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Tools for the Studio, Part 5

The Voice: Hey, Kevin. What are you doing?

Kevin Caron: I had a request a little while ago from one of my YouTube video subscribers who wanted to know, "What tools did you have when you first started doing metal work, and how did things progress from there?"

After I moved my studio into this building, this slip roll was the next big tool that I got. As you can see, you slip metal in there, and that's how it shapes the metal.

You can adjust this roller up and down, left and right, so you can get a twist. You can get just a circle, and you can do all kinds of different things with it.
It even has little grooves for making rings using different sized rod. Just run it through here, bend a ring with it, then weld it together.

The Voice: Do you remember what sculpture you got it for?

Kevin Caron: I think I got it for Backflip, one of my contemporary art sculptures commissioned for a home here in Phoenix.

The Voice: What other sculptures have you used it for?

Kevin Caron: Several; for instance: Steelhead, After Escher, Rush and Cyclone. I've used it for both private and public art commissions. If you look on my website, you'll see that any of the sculptures that have curves to them - that's what I've used this piece of equipment for.

The Voice: What else did you get around that time?

Kevin Caron: Around that same time, I also acquired this tool. This is an English wheel. Whereas the slip roll does only a circle or a curve, the English wheel will do a curve in two different directions.

You place your metal in between the anvil and the die and close the handle up, so that now you've got your metal pinched in between there. There's an adjustment wheel down on the bottom that you move with your foot. It raises or lowers the die and you put more or less pressure on your metal. Then, as you work the metal back and forth between the two of them, pinching the metal in between, it's going to form to fit that curve.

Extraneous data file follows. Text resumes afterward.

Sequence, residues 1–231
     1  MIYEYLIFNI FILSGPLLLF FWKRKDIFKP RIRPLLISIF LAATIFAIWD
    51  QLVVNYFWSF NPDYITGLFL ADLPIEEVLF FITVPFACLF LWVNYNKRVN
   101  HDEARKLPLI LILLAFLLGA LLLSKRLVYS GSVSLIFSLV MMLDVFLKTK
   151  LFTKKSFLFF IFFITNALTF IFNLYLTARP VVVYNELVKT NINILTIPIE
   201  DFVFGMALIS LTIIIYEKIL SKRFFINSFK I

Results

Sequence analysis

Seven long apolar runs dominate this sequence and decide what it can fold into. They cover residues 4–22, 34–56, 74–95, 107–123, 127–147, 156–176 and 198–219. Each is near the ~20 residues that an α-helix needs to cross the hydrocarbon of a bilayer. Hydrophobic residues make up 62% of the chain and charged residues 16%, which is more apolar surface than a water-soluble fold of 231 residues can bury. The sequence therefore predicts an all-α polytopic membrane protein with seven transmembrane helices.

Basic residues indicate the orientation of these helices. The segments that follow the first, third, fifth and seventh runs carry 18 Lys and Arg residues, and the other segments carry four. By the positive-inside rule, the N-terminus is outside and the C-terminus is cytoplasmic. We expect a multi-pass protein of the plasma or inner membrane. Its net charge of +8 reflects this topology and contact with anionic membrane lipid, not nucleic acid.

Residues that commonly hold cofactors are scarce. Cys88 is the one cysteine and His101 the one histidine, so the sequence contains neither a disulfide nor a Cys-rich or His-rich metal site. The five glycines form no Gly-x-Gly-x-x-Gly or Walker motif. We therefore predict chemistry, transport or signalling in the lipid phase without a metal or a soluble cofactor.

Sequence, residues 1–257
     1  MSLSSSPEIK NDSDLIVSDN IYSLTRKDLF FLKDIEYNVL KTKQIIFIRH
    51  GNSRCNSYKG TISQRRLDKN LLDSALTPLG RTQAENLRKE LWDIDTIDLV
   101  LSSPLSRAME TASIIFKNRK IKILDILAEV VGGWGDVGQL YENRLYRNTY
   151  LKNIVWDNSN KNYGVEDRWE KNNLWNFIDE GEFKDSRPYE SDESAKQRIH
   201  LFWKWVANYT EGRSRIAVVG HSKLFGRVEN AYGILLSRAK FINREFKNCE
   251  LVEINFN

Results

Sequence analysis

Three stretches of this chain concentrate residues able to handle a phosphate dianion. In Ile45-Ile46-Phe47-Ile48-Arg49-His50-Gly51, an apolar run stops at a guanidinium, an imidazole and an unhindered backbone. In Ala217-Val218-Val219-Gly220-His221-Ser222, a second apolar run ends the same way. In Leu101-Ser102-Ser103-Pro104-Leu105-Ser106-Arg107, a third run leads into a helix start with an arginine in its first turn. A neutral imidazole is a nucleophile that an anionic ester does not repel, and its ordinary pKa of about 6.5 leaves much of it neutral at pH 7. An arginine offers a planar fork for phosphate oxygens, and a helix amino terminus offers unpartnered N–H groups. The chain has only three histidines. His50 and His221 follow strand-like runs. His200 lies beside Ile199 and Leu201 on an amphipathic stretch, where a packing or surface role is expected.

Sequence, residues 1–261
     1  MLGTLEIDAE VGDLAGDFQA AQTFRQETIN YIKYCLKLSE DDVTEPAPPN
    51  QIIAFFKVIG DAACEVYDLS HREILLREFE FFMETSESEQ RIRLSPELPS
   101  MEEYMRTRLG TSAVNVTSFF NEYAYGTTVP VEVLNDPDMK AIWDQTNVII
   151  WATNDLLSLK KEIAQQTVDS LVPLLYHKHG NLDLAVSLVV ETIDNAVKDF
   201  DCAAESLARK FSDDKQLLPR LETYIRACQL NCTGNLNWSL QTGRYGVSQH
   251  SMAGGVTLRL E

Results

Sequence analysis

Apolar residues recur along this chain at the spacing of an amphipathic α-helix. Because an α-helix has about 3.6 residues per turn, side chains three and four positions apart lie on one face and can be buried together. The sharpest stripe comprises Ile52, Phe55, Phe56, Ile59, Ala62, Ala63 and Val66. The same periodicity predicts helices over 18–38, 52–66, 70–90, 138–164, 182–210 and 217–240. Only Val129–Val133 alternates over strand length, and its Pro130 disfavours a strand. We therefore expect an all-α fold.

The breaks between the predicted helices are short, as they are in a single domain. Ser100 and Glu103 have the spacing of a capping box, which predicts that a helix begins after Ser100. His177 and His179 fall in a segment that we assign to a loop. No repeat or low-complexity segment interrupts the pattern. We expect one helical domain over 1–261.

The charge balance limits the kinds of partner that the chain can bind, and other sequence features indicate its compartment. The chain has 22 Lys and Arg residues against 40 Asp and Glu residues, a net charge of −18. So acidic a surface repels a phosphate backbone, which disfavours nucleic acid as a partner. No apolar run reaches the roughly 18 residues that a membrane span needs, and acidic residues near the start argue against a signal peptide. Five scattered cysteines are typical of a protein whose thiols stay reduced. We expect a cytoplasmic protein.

There are many different kinds of shapes; all kinds of different curves for the different radius curves that you're trying to make.

The Voice: Which sculpture did you get the English Wheel for, Kev?

Kevin Caron: I believe I was working on Steelhead with this one, and Torsional Twist - some of my earlier pieces of outdoor art.

This tool does great long, shallow curves, while that metal shaping tool is best at doing circles. Later I found out there's an easier and quicker way to do it. Working on this tool it might take me an hour sitting here, moving the metal back and forth through there, trying to get that curve that I want. Let me show you a better way.

Here is my air-powered shaper. It does the same thing as the English wheel but a hundred times faster. With this power head, you can work anything up to eighth-inch steel plate. You can get a bigger power head to go in here for shaping quarter-inch plate.

It's all air-powered. You've just got a foot pedal on the floor; hook it up to the compressor, push the pedal, get to work. It's a lot faster and quicker! It's also a lot more versatile, because you've got the really close contour head that allows you to make a really sharp bend. There's plastic or rubber for planishing; for shaping on soft metals like aluminum or copper, without leaving any hammer marks. The metal comes out smooth, but bent.

There's even a shrinking die that you would use with the plastic. When you're making something like a bowl, you would use this to begin the curve, then be able to push that metal back up into the bottom of the bowl so you can shrink the side of the bowl and make the bowl curve around.

It's really cool; a lot of fun to play with. It's also noisy - oh my, it's noisy! I've actually got this one mounted on big rubber feet, bolted to the floor, and then filled the whole frame of the machine and the stand that it's on with sand, just trying to dampen down some of the noise.

So, those are the three tools that came next, and pretty quickly. I needed them to help shape and bend the metal, help things work quickly.

You've got to have the right tool, especially if you're a metal artist. That's the lesson I've been learning along the way. As I've started selling my work, and having more money to buy bigger and better tools, I've found: Get the right tool. The right tool makes the right job go a lot quicker.

Speaking of jobs, I'm going to get back to mine. See you next time.

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